I would note that the so-called “Gamma” (off topic but the better name to call it is Power or Power Curve) is a kind of post-formation (after view transform) “Look” adjustment. Again it’s important to realize everything in the so-called CM panel is part of the image formation chain.
Also it is a common practice to adjust the contrast looks and exposure together since contrast looks adjustment can sometimes darken or brighten the result (depends on how close the intensity of the visually important area is to 0.18 middle grey) and people often like to adjust the exposure to compensate that.
I vote for keeping the exposure in the CM panel, and unrelated to this, rename the CM panel to Image Formation.
FWIW I don’t think that’s a good idea. Only color-nerds understand what the term image formation means. It would be better if everybody understood the exact intricacies of all this, but that’s not the real world.
@ktdfly, I agree there is an issue having both settings, in that often users will set the color management exposure when they should be setting the film exposure.
However simply removing it is not something we can easily do. There are some use cases for it like image editor inspection, and applying exposure to all render layers and passes in the compositor is not as convenient. Backwards compatibility (automatically creating compositor nodes?) is also tricky. Maybe there are alternative ways to solve those things,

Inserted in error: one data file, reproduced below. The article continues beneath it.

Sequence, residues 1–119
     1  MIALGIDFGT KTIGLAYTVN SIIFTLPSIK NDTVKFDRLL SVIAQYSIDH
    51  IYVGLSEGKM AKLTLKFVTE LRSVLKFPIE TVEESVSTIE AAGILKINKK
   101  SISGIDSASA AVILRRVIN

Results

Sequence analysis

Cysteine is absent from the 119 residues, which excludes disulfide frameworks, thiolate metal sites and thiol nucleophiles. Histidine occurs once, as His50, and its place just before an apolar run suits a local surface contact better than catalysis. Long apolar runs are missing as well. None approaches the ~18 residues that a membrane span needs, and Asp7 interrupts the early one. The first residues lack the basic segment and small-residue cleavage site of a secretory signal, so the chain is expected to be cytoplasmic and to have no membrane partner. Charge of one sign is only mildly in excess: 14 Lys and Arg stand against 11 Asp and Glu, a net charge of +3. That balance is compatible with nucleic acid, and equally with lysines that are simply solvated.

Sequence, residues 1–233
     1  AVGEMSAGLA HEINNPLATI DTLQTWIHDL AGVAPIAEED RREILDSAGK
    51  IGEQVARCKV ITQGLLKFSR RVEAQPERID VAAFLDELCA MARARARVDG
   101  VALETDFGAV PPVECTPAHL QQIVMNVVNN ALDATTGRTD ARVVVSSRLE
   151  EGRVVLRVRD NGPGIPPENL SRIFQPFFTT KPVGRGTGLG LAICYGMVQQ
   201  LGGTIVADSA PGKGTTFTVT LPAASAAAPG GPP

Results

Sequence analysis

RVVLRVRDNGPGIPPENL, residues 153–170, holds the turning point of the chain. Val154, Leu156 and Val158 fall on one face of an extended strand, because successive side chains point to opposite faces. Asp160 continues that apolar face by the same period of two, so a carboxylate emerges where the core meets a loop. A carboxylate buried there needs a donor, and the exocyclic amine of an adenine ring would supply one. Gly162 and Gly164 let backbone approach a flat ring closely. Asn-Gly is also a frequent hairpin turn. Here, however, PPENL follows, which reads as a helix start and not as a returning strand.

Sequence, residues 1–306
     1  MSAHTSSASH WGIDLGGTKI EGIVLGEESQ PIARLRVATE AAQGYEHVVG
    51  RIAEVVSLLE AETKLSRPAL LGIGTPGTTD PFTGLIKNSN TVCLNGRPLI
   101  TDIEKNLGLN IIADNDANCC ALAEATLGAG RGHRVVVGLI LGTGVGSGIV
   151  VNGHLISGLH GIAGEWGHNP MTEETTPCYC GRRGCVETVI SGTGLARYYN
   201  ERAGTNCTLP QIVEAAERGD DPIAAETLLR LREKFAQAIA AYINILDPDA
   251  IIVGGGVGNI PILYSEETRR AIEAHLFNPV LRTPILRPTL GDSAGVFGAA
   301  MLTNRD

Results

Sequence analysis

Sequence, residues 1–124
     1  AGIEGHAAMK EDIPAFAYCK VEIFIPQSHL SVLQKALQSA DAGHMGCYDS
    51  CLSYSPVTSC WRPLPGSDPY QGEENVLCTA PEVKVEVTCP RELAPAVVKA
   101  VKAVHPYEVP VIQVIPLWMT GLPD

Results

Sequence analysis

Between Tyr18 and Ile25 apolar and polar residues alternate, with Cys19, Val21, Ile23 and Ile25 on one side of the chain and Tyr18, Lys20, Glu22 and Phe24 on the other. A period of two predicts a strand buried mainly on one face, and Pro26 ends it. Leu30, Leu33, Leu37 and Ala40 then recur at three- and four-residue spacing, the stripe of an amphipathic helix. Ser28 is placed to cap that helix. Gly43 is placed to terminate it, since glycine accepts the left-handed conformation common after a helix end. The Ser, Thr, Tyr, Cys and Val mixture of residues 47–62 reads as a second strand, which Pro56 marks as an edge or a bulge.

A simple thing we could do is to put both exposures in the Color Management panel, and find some good name and UI organization to help make the difference more clear?
If we change the exposure in the film panel we affect the non-managed version of the frame, so when we save to EXR instead of having a neutral exposure that can be properly modified in compositing we have a baked exposure without color management, that’s an horror.
However the exposure in color management don’t affect the exposure of raw exr’s and we get the proper result in the exr, IMHO if there is some exposure that should fade away is the FILM one that breaks the resulting EXR, not the Color Management one
Regarding the relocation of the Film Exposure and renaming it, it can be called that way: “Film Exposure”, that makes a relation to the concept of it modifying the actual “film”, so it will be baked in the result affecting everything.
The big reason is because it’s just easier (especially when scripting) to use the same control for both Cycles and Eevee. An exposure adjusting add-on using Film for Cycles and CM for Eevee would be super confusing for users if they switched between render engines and it introduces way too much complexity. If Eevee had a comparable exposure setting, I would instantly switch!
On top of that, image exposure can be adjusted in real-time while adjusting film exposure leads to invalidation and re-render which takes time. Besides that, users find film and image exposure confusing because to achieve the same result you have to use different values.
For example, to achieve similar results using only film exposure you have to crank it up to 8. Otherwise you’ll end up with a much darker picture which can confuse many: